A short story about a dynamic American businessman who is visiting his properties in Scotland when he is told by a mysterious lake monster that he and only he was born with the powers necessary to free the world from the terrors of the Magic Ministry.
Guaranteed to be an eye-opener for people who have heard only one side of the story.
Sometimes a lake monster can know far more than you might have guessed, but only time will tell if that monster will share what they know.
Drum, the hero of this tale, was exactly what I expected him to be. It was amusing to see how he described everything and everyone around him. His personality was so strong and unique that I got to know him well pretty early on in the plot. In fact, I knew precisely what he was all about within a paragraph or two. I also thought that this character matched the person he was based on perfectly.
This story spent a lot of time focusing on the supporting characters instead of on the main ones. As much as I enjoyed reading about them, I would have preferred to get to know the main characters better than I did. There was a lot of stuff about them that was only mentioned briefly because of how much effort the narrator put into describing everyone else around them instead.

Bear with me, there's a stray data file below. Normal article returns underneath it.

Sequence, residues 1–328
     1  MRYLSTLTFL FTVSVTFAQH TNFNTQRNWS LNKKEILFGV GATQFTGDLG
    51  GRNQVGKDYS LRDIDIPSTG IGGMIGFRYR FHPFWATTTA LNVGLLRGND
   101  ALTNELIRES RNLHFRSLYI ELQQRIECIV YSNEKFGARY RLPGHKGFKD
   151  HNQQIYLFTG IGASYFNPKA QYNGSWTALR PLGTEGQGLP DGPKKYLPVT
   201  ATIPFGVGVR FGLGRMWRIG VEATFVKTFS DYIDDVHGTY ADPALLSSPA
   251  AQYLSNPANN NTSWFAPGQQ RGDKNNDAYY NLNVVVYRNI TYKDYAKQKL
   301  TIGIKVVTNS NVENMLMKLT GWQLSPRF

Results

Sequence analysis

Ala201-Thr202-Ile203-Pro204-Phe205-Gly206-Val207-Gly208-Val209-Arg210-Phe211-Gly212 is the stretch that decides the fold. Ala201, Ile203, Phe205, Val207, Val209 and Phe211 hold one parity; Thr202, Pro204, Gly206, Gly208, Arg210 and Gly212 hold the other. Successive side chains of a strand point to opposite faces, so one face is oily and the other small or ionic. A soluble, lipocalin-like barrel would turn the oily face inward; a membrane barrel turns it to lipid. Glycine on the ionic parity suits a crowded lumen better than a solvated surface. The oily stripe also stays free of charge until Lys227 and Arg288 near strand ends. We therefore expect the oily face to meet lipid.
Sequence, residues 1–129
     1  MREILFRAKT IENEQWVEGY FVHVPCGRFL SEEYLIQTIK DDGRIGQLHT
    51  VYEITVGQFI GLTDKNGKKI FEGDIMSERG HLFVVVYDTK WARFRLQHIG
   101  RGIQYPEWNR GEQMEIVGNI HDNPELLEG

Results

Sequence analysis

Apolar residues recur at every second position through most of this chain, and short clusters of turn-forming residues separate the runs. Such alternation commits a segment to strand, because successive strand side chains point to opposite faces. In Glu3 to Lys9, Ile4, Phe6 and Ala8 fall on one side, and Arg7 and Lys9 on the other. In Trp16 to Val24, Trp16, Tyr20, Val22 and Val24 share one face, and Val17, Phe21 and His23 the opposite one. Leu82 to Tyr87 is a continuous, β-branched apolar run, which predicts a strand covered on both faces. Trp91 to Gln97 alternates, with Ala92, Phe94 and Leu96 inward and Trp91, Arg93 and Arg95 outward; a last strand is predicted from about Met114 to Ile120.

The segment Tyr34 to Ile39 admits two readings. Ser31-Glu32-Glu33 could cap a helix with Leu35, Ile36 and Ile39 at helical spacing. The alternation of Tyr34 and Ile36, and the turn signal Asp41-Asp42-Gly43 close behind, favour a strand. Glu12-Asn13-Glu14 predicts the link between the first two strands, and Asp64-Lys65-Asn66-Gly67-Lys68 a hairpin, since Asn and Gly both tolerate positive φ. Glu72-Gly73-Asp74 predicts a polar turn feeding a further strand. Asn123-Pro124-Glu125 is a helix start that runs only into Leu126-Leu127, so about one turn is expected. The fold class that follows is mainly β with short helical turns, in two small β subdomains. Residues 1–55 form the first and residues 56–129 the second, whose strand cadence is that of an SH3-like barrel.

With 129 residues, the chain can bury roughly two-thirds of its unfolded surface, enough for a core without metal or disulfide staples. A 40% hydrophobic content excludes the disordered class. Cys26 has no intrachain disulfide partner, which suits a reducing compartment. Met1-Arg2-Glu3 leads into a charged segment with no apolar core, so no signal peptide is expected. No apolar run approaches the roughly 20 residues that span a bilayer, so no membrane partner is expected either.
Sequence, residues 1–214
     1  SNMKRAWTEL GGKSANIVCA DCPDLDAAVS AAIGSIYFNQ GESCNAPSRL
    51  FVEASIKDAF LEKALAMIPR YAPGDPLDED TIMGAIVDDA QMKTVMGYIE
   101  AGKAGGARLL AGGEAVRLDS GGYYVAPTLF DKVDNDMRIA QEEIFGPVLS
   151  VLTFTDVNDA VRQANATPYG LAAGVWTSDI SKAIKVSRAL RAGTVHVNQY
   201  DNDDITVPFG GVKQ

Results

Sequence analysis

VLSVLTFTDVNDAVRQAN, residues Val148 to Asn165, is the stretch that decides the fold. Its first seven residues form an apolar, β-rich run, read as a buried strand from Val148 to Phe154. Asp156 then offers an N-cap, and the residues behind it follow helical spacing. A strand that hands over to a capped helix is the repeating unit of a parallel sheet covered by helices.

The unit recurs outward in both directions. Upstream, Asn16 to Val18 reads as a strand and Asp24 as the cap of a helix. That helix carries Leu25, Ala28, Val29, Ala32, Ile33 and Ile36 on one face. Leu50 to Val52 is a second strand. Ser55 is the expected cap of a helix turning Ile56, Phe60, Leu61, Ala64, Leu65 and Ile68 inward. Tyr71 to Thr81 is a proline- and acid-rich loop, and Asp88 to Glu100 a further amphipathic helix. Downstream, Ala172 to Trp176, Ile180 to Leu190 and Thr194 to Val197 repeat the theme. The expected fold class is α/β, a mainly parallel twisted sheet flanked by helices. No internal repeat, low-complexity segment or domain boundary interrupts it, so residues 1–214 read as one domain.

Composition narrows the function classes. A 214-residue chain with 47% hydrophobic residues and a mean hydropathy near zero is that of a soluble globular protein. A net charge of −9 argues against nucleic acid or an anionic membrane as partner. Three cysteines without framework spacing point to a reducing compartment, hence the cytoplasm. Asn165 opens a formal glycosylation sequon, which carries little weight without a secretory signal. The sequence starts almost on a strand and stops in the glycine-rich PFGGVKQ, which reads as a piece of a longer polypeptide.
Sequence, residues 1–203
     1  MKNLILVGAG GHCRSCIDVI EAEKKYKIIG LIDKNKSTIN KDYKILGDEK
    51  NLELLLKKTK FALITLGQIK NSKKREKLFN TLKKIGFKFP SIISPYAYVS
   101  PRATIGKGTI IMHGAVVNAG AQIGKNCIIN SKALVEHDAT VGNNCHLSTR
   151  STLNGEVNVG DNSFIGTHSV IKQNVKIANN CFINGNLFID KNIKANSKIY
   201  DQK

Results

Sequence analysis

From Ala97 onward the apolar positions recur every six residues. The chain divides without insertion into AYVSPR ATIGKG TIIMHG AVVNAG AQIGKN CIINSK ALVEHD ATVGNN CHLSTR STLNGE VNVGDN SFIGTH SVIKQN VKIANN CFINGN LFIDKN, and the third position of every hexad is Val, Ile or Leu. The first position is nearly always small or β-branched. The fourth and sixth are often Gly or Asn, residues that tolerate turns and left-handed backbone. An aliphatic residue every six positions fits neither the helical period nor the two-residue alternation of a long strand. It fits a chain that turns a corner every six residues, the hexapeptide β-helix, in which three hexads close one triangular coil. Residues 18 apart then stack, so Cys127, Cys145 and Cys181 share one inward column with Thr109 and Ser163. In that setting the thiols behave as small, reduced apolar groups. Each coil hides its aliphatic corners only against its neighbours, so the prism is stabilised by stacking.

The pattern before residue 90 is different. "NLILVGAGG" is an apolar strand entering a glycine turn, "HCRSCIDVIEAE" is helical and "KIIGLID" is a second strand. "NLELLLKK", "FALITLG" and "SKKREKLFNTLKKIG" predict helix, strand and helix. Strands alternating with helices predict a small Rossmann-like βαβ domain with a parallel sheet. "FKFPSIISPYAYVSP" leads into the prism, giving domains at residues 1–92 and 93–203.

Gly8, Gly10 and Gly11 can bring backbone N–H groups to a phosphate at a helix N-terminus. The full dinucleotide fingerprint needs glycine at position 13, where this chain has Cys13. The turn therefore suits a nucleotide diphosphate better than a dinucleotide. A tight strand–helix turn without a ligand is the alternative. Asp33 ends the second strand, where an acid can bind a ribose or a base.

The dialogue was handled nicely. I liked watching the various characters talk to each other because of how many humorous references to other things they slipped into their conversations. Picking up on all of the clues became a game that I played in my mind as I read. It was rewarding to spot them as early as possible. This is the kind of tongue-in-cheek storytelling that I find entertaining.
I’d recommend Make Wizardry Great Again to anyone who is in the mood for something funny.